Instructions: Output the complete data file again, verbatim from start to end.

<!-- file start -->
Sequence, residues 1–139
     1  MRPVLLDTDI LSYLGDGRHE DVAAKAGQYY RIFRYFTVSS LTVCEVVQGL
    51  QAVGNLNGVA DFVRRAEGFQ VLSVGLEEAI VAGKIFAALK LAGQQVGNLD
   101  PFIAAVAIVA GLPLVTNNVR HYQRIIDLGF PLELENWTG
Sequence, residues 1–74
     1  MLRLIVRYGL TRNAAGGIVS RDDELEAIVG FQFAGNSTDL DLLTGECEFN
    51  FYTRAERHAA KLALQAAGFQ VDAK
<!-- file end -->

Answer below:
Sequence, residues 1–139
     1  MRPVLLDTDI LSYLGDGRHE DVAAKAGQYY RIFRYFTVSS LTVCEVVQGL
    51  QAVGNLNGVA DFVRRAEGFQ VLSVGLEEAI VAGKIFAALK LAGQQVGNLD
   101  PFIAAVAIVA GLPLVTNNVR HYQRIIDLGF PLELENWTG
Sequence, residues 1–74
     1  MLRLIVRYGL TRNAAGGIVS RDDELEAIVG FQFAGNSTDL DLLTGECEFN
    51  FYTRAERHAA KLALQAAGFQ VDAK